Once it became clear that I wouldn't be able to make these changes within the OpenSCAD project, I renamed OpenSCAD2 to Curv, and evolved the project in a different direction from OpenSCAD. The Curv language fixes all of the limitations that I listed above, and I changed the representation of shapes from triangle meshes to signed distance fields, which I believe is a more powerful representation. It can represent curved shapes and deeply iterated fractals using a mathematically exact representation, and there is a larger set of shape operations available. This representation also supports full colour 3D printing.

Carsten wrote:

> In OpenSCAD, a design choice was at one stage taken to use what is called
> a "functional language" which by definition disallows the types of operations
> you mention.

OpenSCAD is not a functional language. Functional programming is all about programming with functions. But functions are not values in OpenSCAD.

It would be fair to call OpenSCAD a domain-specific, declarative language.

It is untrue that functional languages "by definition" disallow the feature that Troberg wants: "I can't assign an object to a variable and then ask that variable about the object (location, size, rotation et cetera)."

Curv is a pure functional language (the strictest type of functional language), and it nevertheless supports all of the features I mentioned in the first paragraph, including assignment statements and mutable variables. Curv also supports the usual functional programming idioms: curried functions, pattern matching, full tail recursion optimization.

It would be possible, in principle, to extend OpenSCAD to support the same features. But it would be a big, disruptive change to the language, and that conflicts with OpenSCAD's conservative approach to change. OpenSCAD is almost 10 years old and the project has emphasized stability, incremental change and backwards compatibility.

AngelCAD certainly represents one approach to overcoming OpenSCAD's limitations.

However, AngelCAD is just CSG embedded in a general purpose imperative language. There is a lot of verbosity and boilerplate, compared to a domain-specific declarative language such as OpenSCAD or Curv. The lack of boilerplate is something that I really value about OpenSCAD.

AngelCAD:
shape@ main_shape()
{
    cube@ cu = cube(size:45, center:true);
    return cu;
}

void main()
{
   shape@ obj = main_shape();
   obj.write_xcsg(GetInputFullPath(),secant_tolerance:0.01);
}

OpenJSCAD:
function main ()
{
   return cube({size: 45, center: true});
}

OpenSCAD:
cube(45, center=true);

Curv:
cube 45

 Doug Moen.

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Re: The OpenSCAD Language

rew
On Mon, May 06, 2019 at 10:59:04AM -0400, Doug Moen wrote:
> OpenSCAD:
> cube(45, center=true);
>
> Curv:
> cube 45

OK ! I want to switch. Where do I download it?

-> https://github.com/curv3d/curv

It is not fair to compare the nondefault in one language with the
default on the other.

Openscad
cube (45);

curv:
cube 45 dontcenter=true
        ^^^^^^^^^^^^^^
don't know how to write that in curv yet.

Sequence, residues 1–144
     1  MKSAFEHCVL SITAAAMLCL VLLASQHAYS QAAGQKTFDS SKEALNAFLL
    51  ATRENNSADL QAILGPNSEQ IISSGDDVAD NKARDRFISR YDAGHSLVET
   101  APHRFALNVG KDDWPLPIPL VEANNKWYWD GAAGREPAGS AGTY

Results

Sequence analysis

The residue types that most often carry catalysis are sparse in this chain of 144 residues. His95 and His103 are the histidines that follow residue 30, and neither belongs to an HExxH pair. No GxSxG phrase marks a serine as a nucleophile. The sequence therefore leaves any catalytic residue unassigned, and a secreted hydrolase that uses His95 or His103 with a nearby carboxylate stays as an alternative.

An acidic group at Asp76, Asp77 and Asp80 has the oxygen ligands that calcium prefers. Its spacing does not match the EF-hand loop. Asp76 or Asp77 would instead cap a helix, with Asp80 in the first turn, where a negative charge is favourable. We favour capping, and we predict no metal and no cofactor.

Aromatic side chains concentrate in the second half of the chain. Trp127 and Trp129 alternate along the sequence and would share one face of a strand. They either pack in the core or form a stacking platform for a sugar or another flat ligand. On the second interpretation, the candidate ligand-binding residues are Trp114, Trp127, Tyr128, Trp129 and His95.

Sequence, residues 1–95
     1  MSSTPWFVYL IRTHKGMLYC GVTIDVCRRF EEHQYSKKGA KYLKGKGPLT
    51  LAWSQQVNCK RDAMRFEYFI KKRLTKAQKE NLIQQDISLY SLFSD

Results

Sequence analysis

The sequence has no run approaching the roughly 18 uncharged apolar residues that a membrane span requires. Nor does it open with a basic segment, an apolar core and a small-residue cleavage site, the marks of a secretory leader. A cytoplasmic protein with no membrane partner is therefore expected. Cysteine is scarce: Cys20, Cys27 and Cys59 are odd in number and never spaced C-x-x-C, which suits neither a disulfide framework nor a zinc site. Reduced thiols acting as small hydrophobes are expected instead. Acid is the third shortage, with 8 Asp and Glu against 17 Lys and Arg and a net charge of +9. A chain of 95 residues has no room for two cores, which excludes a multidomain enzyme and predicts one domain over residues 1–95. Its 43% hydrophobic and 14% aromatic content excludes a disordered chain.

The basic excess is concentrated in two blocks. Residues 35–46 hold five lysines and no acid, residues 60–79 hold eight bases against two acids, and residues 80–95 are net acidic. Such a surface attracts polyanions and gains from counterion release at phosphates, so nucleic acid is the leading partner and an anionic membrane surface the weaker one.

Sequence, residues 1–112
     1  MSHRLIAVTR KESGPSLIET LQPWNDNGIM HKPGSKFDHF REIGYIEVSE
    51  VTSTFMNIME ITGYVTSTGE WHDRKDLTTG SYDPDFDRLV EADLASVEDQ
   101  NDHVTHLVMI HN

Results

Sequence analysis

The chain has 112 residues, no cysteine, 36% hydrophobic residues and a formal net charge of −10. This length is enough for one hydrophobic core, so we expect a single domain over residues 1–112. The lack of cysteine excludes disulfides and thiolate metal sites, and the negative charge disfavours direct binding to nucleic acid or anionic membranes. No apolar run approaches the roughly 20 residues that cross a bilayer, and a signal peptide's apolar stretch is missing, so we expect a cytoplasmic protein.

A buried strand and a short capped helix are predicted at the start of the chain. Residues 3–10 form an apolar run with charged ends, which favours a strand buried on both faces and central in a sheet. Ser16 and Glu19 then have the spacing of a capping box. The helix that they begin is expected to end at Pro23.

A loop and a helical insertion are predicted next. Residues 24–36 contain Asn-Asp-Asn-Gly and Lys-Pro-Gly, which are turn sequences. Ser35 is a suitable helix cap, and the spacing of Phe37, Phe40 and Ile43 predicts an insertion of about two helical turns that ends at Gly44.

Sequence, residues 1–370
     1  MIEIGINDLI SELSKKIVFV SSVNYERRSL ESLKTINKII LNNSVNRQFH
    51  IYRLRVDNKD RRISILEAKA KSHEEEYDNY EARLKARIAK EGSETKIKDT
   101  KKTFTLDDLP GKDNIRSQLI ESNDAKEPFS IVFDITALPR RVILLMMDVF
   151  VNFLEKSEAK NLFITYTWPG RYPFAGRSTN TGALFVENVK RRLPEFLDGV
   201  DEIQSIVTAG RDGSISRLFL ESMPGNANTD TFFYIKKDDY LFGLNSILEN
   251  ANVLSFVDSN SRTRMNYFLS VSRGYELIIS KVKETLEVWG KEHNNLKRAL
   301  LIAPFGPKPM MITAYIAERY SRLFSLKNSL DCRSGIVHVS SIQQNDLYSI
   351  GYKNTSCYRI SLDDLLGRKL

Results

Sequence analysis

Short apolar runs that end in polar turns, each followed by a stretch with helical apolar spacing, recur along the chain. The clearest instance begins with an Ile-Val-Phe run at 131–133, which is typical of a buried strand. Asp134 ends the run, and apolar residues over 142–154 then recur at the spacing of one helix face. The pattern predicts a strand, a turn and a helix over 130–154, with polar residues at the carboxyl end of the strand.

Roger.

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Re: The OpenSCAD Language

nophead
I am quite happy with openscad. It does every thing I want and is simple, which is what I crave. The only thing I eny is speed.

On Mon, 6 May 2019, 16:40 Rogier Wolff, <[hidden email]> wrote:
On Mon, May 06, 2019 at 10:59:04AM -0400, Doug Moen wrote:
> OpenSCAD:
> cube(45, center=true);
>
> Curv:
> cube 45

OK ! I want to switch. Where do I download it?

-> https://github.com/curv3d/curv

It is not fair to compare the nondefault in one language with the
default on the other.

Openscad
cube (45);

curv:
cube 45 dontcenter=true
        ^^^^^^^^^^^^^^
don't know how to write that in curv yet.


        Roger.

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Re: The OpenSCAD Language

William Adams-2
As long as we're asking for stuff --- I just wish there was an easier way to get curves / vectors out as something other than triangles or line segment approximations.

Currently working through re-drawing parametric designs using METAPOST based on the JSON output from the OpenSCAD customizer.

Would a 2D version of the OpenSCAD language which output nice SVG/PDF files be that difficult to do? (or does it exist and I'm missing it?)

William

On Mon, May 6, 2019 at 11:46 AM nop head <[hidden email]> wrote:
I am quite happy with openscad. It does every thing I want and is simple, which is what I crave. The only thing I eny is speed.

On Mon, 6 May 2019, 16:40 Rogier Wolff, <[hidden email]> wrote:
On Mon, May 06, 2019 at 10:59:04AM -0400, Doug Moen wrote:
> OpenSCAD:
> cube(45, center=true);
>
> Curv:
> cube 45

OK ! I want to switch. Where do I download it?

-> https://github.com/curv3d/curv

It is not fair to compare the nondefault in one language with the
default on the other.

Openscad
cube (45);

curv:
cube 45 dontcenter=true
        ^^^^^^^^^^^^^^
don't know how to write that in curv yet.


        Roger.

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Phil, this plan just might work.

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Re: The OpenSCAD Language

doug.moen
In reply to this post by rew